Fried chicken is crunchy, salty and juicy, and it's the comfort food that spans generations and cultures. Browning the chicken before cooking guarantees a juicy and well-flavored bird. The addition of tea deepens the flavor even further.
Swap option: Peanut oil is my favorite for frying, but canola or vegetable oil work as well. If you can't find Lapsang souchong tea, any black tea will do.
- 12 cups water
- 3 ounces Lapsang souchong tea
- 1 cup salt
- 2/3 cup sugar
- 6 cloves garlic, smashed
- 6 sprigs thyme
- 2 bay leaves
- 1 lemon, halved
- 1 chicken, cut up into 8 pieces
- 3 pints buttermilk
- 1 teaspoon freshly ground black pepper
- 1 tablespoon sriracha
- Peanut oil, for frying
- 6 cups flour
- 1 cup corn starch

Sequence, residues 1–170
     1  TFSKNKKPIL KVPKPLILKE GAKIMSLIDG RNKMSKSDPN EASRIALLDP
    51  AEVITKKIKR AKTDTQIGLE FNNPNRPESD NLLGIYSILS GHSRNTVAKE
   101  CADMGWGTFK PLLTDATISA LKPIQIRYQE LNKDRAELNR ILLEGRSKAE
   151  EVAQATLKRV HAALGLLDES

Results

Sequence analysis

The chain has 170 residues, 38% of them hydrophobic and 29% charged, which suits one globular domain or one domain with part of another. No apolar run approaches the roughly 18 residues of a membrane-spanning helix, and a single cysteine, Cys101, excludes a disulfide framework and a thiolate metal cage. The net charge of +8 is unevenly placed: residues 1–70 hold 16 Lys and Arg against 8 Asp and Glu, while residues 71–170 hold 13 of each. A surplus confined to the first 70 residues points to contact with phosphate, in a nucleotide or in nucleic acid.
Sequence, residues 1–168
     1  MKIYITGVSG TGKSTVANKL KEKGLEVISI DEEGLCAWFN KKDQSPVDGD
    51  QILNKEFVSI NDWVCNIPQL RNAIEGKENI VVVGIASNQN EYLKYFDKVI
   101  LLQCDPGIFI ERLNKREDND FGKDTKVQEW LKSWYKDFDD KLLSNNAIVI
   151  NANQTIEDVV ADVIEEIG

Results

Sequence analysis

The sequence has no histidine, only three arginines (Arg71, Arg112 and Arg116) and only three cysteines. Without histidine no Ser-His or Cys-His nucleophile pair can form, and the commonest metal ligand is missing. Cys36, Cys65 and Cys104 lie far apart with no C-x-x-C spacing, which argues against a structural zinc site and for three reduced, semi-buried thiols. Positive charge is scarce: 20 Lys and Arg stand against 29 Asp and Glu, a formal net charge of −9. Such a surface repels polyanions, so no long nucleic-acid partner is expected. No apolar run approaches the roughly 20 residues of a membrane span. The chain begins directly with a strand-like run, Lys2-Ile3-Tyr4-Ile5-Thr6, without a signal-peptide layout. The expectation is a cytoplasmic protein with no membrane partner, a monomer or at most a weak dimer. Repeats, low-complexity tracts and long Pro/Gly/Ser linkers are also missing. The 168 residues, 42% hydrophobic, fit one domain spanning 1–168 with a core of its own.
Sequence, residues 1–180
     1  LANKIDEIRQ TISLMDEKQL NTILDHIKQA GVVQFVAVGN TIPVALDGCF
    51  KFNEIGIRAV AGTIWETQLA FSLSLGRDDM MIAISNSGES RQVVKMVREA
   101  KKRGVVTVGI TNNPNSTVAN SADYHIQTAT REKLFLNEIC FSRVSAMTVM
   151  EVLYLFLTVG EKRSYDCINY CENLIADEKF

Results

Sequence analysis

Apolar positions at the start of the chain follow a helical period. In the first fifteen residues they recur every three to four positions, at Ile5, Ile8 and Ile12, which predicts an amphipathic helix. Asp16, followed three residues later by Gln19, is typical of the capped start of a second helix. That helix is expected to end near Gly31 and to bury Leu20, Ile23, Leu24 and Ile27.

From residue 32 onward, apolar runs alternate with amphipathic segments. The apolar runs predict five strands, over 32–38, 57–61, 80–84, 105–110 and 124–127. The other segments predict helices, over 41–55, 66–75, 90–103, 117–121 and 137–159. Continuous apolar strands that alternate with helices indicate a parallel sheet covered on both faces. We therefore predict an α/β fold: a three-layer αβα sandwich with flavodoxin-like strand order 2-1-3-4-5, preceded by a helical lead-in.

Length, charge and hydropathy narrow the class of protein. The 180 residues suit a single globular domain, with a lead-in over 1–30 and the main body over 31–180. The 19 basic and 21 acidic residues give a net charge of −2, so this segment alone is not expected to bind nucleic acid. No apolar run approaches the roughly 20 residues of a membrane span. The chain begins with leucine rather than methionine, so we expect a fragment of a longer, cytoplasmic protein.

- 2 tablespoons smoked paprika
- 1 tablespoon ground cumin
1. Bring water to a boil. Turn off heat, add tea and steep for 10 minutes. Strain tea through a fine mesh sieve or clean dish towel. Add salt and sugar and stir to dissolve. Add garlic, thyme, bay leaf and lemon. Chill brine in refrigerator until cold.
2. Add chicken to brine and chill for 10 hours. Remove chicken from brine and discard brine. Rinse chicken thoroughly with cold water, drain, then pat dry.
3. In a large bowl stir together buttermilk, sriracha and black pepper. Add chicken and marinate for 2 hours. Meanwhile, in a large clean brown paper bag, or a large bowl, combine flour, cornstarch, smoked paprika and cumin.
4. Remove chicken from buttermilk, letting some excess buttermilk drip away. Toss chicken in flour mixture letting sit for 10 minutes.
5. Add oil to a large Dutch oven, iron skillet, or wok, making sure oil won't overflow when chicken is added. Bring oil to 300°F.
6. Remove chicken from flour mixture knocking off some of the excess flour. Let chicken sit on a baking rack for 10 minutes. Gently place chicken in hot oil and fry for 10 minutes flipping once until chicken is crispy, browned and cooked through. Be sure not to overcrowd the pan while frying.
7. Drained fried chicken on a baking rack and serve.